A Family Affair movie review & film summary (2024) | Roger Ebert (2024)

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A Family Affair movie review & film summary (2024) | Roger Ebert (1)

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As mundane as its title, with characters whose color-by-numbers personalities and motivations shift randomly to fit a predictable storyline, “A Family Affair” is a low-wattage rom-com. As with last month’s streaming romance “The Idea of You,” this film features a gorgeous Oscar-winning actress as a middle-aged woman falling for a much younger superstar performer, with all the ensuing hijinks.

“Paperboy” co-stars Nicole Kidman and Zac Efron play award-winning author Brooke Harwood and superhero franchise star Chris Cole, whose meet-cute is that Brooke’s 24-year-old daughter Zara (Joey King) is the movie star’s long-suffering personal assistant, on call 24/7 for everything from picking up his dry-cleaning and groceries to just-in-time delivery of the diamond stud earrings he gives to the girls he dates as a break-up present. Zara sees how self-absorbed and helpless Chris is, but she stays with him, hoping that he will deliver on his promise to help her career.

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Zara still lives with Brooke, a widow for 11 years.They are both very close to Leila (Kathy Bates), Brooke’s warm-hearted and supportive mother-in-law and Zara’s grandmother.

Zara finally gets fed up and quits her job, just as Chris is about to start filming another sequel in his popular “Icarus” series. Chris goes to the house to persuade Zara to come back. He meets Brooke, and soon, they are literally ripping each other’s clothes off, just in time for Zara to come home and discover them in flagrante delicto. This leads to what is supposed to be an amusing scene of Zara retching. It is not.

Horrified as Zara is, she agrees to return to work for Chris in exchange for an associate producer credit on his new movie and a promise that he will never see her mother again. He keeps the first promise but not the second, leading to the expected complications and confrontations.

There are no surprises here, but there are a few sharp observations and bright moments when screenwriter Carrie Soloman has some fun with the movie industry setting. The opening montage that establishes Chris as a huge star hits all the right notes, from the magazine covers (GQ, Vanity Fair) to the speculation about his dating life to astar on the Hollywood Walk of Fame and his appearance on “Hot Ones.” In a case of art imitating life, a scene of Chris taking an ice bath was inspired by real-life Zac Efron's bulking-up regimen for "The Iron Claw."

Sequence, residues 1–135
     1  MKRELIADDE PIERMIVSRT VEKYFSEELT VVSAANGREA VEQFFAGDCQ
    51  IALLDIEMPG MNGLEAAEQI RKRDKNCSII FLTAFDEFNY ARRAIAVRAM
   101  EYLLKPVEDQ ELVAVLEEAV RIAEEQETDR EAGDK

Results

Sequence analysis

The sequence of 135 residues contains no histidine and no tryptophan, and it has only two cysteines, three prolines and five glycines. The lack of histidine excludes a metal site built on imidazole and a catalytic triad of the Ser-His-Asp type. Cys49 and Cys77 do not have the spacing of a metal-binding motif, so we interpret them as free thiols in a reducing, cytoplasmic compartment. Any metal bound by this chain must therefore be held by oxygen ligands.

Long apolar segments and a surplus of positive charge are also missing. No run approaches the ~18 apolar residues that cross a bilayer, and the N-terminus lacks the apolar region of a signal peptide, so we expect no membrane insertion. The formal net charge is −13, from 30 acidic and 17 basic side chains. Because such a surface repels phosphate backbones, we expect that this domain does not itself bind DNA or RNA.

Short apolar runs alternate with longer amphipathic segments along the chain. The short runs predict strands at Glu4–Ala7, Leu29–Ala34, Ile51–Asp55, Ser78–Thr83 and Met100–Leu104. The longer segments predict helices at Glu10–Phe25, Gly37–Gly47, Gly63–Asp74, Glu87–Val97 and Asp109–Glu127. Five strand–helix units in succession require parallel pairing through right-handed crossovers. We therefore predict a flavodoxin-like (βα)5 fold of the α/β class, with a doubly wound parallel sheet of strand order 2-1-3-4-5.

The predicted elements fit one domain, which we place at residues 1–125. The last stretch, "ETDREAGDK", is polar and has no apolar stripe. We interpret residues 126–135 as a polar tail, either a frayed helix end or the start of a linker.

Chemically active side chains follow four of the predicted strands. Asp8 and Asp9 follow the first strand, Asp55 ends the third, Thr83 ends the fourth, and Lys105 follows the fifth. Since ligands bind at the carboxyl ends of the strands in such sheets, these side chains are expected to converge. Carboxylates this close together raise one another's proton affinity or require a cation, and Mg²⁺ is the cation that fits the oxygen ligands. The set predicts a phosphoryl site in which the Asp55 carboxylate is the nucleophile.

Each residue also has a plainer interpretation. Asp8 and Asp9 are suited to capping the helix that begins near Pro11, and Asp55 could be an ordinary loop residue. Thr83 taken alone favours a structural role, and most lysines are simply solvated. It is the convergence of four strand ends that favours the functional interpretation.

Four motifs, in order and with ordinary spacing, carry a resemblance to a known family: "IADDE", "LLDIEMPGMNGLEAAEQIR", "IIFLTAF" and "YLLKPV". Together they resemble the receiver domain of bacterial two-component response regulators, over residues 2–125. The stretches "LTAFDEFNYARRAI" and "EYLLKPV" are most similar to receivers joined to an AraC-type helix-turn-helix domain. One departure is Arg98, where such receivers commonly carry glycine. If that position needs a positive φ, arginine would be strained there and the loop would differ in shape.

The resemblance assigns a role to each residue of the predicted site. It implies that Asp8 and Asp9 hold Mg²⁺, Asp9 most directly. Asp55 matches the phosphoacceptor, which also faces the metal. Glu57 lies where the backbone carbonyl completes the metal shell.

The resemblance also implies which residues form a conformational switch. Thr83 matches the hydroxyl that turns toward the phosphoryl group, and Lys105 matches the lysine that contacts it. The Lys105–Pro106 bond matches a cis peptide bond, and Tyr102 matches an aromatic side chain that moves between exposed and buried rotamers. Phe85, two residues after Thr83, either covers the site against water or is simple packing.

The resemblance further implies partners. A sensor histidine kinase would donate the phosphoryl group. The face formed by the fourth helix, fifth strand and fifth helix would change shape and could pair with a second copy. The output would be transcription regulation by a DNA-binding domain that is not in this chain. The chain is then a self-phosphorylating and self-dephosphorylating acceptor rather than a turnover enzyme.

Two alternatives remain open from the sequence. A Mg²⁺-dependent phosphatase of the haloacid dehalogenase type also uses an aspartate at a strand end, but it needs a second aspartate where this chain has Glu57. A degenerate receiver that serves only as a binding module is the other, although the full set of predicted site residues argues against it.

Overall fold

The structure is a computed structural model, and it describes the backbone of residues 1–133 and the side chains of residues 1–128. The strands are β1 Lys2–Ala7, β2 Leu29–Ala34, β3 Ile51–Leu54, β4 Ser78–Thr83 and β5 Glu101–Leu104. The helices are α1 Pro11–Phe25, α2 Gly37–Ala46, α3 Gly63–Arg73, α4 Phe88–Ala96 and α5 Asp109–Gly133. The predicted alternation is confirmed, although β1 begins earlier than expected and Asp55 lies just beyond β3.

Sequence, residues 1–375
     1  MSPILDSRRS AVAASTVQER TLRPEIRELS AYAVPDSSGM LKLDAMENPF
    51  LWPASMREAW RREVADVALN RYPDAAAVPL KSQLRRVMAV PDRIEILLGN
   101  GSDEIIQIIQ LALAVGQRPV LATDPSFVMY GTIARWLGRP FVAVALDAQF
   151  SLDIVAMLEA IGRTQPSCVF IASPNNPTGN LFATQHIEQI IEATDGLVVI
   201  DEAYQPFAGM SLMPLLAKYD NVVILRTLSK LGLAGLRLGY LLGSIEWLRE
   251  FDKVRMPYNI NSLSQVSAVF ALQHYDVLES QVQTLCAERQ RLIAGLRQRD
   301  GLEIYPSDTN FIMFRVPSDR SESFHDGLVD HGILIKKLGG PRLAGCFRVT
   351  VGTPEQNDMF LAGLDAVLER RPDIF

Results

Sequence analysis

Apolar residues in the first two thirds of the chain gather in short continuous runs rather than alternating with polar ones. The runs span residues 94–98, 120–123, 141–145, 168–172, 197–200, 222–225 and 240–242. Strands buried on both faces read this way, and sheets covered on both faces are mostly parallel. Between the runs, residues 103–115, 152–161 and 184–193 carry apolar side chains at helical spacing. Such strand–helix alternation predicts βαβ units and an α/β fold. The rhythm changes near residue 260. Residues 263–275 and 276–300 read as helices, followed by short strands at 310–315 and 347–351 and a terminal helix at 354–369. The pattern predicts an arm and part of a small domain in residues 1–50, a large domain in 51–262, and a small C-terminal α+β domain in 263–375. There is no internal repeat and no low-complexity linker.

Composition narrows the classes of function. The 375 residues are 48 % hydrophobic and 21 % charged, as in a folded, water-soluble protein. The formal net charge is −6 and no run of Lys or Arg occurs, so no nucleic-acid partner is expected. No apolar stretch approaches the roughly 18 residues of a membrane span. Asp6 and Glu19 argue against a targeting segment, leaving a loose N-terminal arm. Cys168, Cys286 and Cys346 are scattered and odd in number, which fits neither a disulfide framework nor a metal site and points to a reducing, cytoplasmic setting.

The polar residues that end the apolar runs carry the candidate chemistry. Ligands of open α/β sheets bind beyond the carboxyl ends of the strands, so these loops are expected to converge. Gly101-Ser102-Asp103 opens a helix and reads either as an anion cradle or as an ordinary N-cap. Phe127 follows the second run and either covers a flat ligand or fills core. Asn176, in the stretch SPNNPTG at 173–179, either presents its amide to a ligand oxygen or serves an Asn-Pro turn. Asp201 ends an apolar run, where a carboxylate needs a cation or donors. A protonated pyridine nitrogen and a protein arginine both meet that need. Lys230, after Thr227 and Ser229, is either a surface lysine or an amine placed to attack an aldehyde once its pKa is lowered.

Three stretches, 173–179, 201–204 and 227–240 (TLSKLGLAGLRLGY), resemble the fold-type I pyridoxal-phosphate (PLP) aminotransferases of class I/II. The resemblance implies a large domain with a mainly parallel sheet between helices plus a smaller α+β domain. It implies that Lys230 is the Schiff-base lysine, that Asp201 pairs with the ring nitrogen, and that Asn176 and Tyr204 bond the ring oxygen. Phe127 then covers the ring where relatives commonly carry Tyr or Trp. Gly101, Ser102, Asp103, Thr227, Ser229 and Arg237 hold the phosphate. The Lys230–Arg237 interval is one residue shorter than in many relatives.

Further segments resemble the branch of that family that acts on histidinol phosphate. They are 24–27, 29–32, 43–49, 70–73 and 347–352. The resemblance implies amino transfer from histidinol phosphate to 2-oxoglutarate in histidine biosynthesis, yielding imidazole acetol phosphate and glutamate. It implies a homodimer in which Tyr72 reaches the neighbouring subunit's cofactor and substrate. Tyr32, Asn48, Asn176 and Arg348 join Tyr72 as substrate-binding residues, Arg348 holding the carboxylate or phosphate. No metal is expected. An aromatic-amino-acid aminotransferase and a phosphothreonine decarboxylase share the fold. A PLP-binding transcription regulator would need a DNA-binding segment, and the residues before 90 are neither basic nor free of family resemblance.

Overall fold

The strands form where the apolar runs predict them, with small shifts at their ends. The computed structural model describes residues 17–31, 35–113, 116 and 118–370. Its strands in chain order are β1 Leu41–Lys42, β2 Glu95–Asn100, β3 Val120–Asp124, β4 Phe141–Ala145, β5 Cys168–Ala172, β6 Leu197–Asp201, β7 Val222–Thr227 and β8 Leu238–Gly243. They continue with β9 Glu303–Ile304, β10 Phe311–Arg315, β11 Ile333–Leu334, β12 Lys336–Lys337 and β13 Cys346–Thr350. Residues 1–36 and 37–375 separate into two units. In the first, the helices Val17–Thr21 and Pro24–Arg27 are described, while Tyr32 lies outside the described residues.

Zara is on a first-name basis with the paparazzi who swarm outside his gate. The latest “Icarus” franchise film, repeatedly described as “’Die Hard’ meets ‘Miracle on 34thStreet’ with a little bit of ‘Speed,’” is directed by a French woman who does not speak English, and Chris has to re-shoot a scene because they can’t have a gun in the trailer for a PG-13. When Zara gets stuck in traffic and is late getting to the restaurant where Chris plans to break up with his girlfriend, he complains that the wait meant he had to think of too many things to say. The big pink robot statue in Chris’s home is precisely the overpriced junk a young guy who is suddenly rich would think was cool.

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But the idea of a show business pretty boy who is more lonely than entitled is stale, and this film desperately needed to make it fresh. After establishing Chris as self-absorbed and not very bright, we are asked to believe that he and an award-winning novelist with shelves of books would bond over her explaining that the character he is known for is named after the Greek myth of the boy who flew too close to the sun, promise each other to have meaningless sex, and then develop an enduring romance.

Their relationship never meets even the low bar for a suspended-disbelief pretty-people-smooching movie. Though King does her best to be harried, anxious, and horrified, Zara’s best friends, played by Liza Koshy and Sherry Cola, are more vibrant and interesting than she is. The last section is very weak, with an unnecessary mix-up, an overdue reality check, and a zigzag into a Hallmark-channel-like cozy white Christmas. The low point is a jarring confession that seems to be intended to make the Brooke/Chris connection more believable but seems like the kind of random punch-up that Zara and her screenwriter friend would jettison.

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Film Credits

A Family Affair movie review & film summary (2024) | Roger Ebert (9)

A Family Affair (2024)

Rated PG-13

113 minutes

Cast

Nicole Kidmanas Brooke Harwood

Zac Efronas Chris Cole

Joey Kingas Zara Ford

Kathy Batesas Leila Ford

Director

  • Richard Lagravenese

Writer

  • Carrie Solomon

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A Family Affair movie review & film summary (2024) | Roger Ebert (2024)
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